The first type of bank account is a personal account.
A personal account is for reaching your individual financial goals. Saving up for a big purchase like a house or accumulating interest on your earnings for example. Both checking and savings accounts fall into this category.
The checking account is the most common bank account, and it’s the first one you’ll want to set up. This should be the account for your main income and expenses.
You can deposit money with a savings account that you don’t plan on spending right away. The money in this account gains interest over time, though it isn’t free money since interest is taxable income.
The other main type of account is a corporate account.
As the name suggests, the corporate account is for businesses. With it, you can keep your transactions under wraps and your business information private.
The privacy adds a layer of protection to your business’ finances, making things more secure. It also allows you to give someone else the power to complete transactions on your behalf.
If you’re further down the line in the quest to become a US resident, you might ask yourself which bank to open an account with.
Once you have proof of address and a valid Social Security or ITIN number, your options are numerous.
As the biggest bank in the USA, ‘Chase,’ as it’s known to its customers, has bank accounts for every need and every customer. Whether it’s a checking account without fees you want, or a corporate account for your business, you can find it with Chase.
Bank of America is an interesting option with three types of accounts. The three bank accounts cover everything from everyday banking to company checking accounts.
Citibank is an excellent choice if you don’t like the sound of depositing an initial sum of money to kick things off. You also won’t have to deal with monthly service fees until you hit a certain amount of money coming in and going out.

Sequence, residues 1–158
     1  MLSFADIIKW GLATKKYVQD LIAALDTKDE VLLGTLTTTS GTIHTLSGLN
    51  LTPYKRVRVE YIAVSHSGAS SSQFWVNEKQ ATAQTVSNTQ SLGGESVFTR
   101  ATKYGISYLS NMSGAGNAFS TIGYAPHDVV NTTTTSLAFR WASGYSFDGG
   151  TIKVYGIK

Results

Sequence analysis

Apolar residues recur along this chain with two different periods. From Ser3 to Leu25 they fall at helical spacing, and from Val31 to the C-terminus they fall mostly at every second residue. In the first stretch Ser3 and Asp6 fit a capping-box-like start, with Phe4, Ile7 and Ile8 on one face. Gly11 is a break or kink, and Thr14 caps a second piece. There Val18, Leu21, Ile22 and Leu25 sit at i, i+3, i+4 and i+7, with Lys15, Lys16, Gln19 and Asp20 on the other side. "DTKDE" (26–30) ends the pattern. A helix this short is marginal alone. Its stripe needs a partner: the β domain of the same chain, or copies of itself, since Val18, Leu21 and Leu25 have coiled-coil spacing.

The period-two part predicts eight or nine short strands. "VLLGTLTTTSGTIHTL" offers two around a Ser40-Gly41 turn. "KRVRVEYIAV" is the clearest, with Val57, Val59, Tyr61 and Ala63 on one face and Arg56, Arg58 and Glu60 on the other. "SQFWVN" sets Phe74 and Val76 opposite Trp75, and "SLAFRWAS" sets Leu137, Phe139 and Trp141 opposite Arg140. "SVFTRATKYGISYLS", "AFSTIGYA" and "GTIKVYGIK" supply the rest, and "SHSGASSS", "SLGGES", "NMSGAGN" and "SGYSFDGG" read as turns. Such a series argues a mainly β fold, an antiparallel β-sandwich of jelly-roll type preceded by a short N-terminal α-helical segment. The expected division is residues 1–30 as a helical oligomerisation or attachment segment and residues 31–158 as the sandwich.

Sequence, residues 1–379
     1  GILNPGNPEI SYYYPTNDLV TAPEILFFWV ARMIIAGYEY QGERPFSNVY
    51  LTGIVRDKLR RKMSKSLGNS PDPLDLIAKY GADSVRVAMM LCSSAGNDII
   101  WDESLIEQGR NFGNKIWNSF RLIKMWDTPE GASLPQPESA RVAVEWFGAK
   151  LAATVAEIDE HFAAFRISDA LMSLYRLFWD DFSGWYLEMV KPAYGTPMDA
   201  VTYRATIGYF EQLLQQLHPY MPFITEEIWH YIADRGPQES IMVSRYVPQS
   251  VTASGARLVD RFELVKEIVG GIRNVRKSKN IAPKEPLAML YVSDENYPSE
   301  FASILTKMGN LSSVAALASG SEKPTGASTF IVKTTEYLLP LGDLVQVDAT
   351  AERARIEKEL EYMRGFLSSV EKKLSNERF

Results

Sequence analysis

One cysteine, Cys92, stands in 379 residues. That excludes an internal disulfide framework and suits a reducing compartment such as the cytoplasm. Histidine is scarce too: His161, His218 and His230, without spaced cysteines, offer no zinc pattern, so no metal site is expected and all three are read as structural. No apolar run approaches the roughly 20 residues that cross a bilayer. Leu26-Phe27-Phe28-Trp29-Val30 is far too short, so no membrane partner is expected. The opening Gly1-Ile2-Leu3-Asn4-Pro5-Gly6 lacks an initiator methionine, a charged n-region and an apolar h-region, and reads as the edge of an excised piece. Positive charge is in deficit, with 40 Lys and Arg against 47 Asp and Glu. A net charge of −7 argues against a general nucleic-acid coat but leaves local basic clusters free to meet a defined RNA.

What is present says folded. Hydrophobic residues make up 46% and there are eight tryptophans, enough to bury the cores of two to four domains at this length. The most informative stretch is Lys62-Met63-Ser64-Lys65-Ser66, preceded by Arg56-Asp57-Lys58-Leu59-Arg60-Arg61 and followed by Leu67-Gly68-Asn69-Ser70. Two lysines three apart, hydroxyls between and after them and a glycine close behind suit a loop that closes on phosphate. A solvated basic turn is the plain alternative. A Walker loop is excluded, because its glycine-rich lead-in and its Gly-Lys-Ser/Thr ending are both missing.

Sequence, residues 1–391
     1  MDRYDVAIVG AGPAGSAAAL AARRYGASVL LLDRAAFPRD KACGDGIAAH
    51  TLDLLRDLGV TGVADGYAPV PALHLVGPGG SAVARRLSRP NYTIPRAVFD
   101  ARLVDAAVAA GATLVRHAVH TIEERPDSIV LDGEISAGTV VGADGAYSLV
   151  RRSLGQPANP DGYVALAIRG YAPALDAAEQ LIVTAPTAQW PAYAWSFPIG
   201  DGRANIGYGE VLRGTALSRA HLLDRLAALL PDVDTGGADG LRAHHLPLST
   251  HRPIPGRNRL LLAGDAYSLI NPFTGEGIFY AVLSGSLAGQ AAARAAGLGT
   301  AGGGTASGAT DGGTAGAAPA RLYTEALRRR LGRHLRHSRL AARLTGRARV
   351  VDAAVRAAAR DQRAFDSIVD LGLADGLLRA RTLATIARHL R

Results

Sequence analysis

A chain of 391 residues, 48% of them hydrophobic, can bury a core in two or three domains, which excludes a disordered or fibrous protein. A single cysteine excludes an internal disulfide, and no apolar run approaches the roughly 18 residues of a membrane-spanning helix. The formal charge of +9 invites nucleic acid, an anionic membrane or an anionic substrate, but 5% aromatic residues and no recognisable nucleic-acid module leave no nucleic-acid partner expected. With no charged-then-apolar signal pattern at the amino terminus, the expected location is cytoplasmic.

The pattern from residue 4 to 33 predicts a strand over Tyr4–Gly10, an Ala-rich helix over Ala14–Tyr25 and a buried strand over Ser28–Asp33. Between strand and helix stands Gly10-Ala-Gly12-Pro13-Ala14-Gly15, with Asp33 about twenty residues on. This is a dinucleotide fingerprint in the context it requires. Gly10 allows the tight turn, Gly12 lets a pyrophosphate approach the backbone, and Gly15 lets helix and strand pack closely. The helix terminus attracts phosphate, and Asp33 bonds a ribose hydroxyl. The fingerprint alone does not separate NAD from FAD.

Wells Fargo is a popular option among students and young customers. It has great offers for students, such as low to no monthly service fees and minimal initial deposits.
Setting up a bank account once you are a US resident is easy, provided you have the necessary documents.
The documents you’ll need can vary, but make sure you have the following:
- Your full US address, with contact information and personal details
- Two forms of ID, such as a passport or driver’s license
- A valid visa or Green Card
- ITIN or Social Security number
It’s also worth having some cash handy since you might need to make an initial deposit to set up the account.
You can also check out this guide on how to open a bank account in the USA for more information on the process.
Opening a bank account in America can be a bit of a nightmare for non-residents. Visiting in person may not be possible, and international bank accounts require a hefty financial commitment.
If your local bank has a correspondent banking relationship, this could be a good solution for you - but it could take some time to set up. It’s worth calling your bank and seeing how they can help.
If you need a fast and low-cost way to send and receive USD, then try Wise. After the fast registration, all you need to verify your identity is your government ID. You can then top-up your account and start spending around the world!
Sources checked 17 February 2021.
This publication is provided for general information purposes only and is not intended to cover every aspect of the topics with which it deals. It is not intended to amount to advice on which you should rely. You must obtain professional or specialist advice before taking, or refraining from, any action on the basis of the content in this publication. The information in this publication does not constitute legal, tax or other professional advice from TransferWise Limited or its affiliates. Prior results do not guarantee a similar outcome. We make no representations, warranties or guarantees, whether express or implied, that the content in the publication is accurate, complete or up to date.